SOLSORT is a chip, which sorts 128 32-bit integers with a parallel bubblesort algorithm in 64 cycles. Every cycle only consists of two comparisons. If you want to display 3D-graphics on a computer, you can use linear equalities (Astro Solutions 3DVideoCreator) or sort polygons (Astro Solutions Cubewar2003, Planetris, Space Bomber). Using linear equalities is preferred, because they can be processed parallel, but sorting can be accelerated with chips, too. Cubewar2003 sorts 80% of the time, but also other applications sort a lot of time. The most-used algorithm for sorting is quicksort, but with special hardware parallel bubblesort is faster. First it was developed for parallel computers. If you sort n elements, Quicksort takes n*log(n) cycles and parallel bubblesort only n. But you are bound to fix numbers of elements. The following algorithm is a mixture and accelerates sorting:

You apply quicksort to the array, which has to be sorted and divide the arrays while there is a part with more than 128 elements. The rest is sorted by the SOLSORT chip. The result is that the costs of the last six recursions sink from 128*7 per array to 128 per array. For example you spare 25% for arrays with one million elements if the last divided arrays have a size between 63 and 128 elements, which is a normal distribution. If the application sorts 30% of its working time, the acceleration still is more than 5%.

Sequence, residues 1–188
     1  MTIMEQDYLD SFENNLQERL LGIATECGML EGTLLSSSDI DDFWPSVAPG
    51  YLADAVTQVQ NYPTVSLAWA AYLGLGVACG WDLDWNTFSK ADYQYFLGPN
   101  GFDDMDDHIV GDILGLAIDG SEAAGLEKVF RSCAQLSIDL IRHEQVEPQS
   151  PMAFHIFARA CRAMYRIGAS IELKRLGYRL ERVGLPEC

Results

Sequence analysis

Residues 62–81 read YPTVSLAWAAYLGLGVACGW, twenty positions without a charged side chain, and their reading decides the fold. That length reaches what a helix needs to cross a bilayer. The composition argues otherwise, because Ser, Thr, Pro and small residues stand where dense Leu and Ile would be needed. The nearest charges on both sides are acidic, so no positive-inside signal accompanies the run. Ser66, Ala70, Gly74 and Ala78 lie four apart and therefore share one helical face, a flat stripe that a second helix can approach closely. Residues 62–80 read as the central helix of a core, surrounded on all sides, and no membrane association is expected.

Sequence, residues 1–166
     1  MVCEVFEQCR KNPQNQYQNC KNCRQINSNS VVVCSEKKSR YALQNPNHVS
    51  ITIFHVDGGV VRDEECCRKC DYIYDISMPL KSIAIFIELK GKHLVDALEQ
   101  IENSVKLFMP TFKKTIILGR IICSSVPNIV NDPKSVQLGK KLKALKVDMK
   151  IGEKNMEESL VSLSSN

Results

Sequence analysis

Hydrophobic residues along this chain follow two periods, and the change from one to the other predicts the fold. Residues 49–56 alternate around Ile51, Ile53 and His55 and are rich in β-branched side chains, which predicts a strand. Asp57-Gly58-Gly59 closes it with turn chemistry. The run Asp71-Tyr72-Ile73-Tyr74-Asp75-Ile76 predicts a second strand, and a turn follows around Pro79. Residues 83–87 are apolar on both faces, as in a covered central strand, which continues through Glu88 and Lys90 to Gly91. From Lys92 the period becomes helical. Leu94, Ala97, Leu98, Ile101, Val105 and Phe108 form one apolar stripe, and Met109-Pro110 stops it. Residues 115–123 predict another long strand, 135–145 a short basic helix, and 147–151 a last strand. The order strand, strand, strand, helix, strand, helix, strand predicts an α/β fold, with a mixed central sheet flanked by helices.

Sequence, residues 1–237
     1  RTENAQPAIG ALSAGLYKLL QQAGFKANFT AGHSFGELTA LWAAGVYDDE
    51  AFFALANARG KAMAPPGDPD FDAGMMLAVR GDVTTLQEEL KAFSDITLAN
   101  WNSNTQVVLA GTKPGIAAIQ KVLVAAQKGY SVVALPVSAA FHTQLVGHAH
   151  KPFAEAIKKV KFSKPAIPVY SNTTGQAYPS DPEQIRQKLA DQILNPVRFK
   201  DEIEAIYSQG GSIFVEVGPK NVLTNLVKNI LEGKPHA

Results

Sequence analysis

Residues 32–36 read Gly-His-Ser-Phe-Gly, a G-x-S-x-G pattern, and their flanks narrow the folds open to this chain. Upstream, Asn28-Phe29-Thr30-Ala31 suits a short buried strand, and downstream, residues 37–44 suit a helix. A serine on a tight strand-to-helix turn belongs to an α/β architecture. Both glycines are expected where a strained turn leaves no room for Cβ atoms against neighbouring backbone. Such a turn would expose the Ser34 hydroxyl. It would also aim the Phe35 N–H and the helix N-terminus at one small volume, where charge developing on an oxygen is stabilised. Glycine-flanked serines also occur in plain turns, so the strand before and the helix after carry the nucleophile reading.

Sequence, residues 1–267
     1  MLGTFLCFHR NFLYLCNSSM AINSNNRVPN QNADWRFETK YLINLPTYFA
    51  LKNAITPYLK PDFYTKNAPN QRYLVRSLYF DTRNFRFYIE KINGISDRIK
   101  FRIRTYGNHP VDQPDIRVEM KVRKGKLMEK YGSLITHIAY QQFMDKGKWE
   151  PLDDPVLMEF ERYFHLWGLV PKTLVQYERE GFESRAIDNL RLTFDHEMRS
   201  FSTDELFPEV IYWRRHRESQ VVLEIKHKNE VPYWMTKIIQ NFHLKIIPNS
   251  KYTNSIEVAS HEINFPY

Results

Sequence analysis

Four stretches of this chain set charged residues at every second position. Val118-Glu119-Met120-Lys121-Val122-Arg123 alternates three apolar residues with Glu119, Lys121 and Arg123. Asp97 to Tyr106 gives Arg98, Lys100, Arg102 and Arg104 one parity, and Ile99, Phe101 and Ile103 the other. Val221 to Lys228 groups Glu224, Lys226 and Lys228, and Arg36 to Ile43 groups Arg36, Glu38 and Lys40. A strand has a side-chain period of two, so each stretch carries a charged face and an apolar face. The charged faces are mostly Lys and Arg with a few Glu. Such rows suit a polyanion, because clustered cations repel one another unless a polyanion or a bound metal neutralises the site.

SOLSORT is OpenSource and testing and changing is allowed. Commercial use requires a license from Astro Solutions. Demand is not expected, because SOLSORT was written and tested in AstroChip and not in VHDL.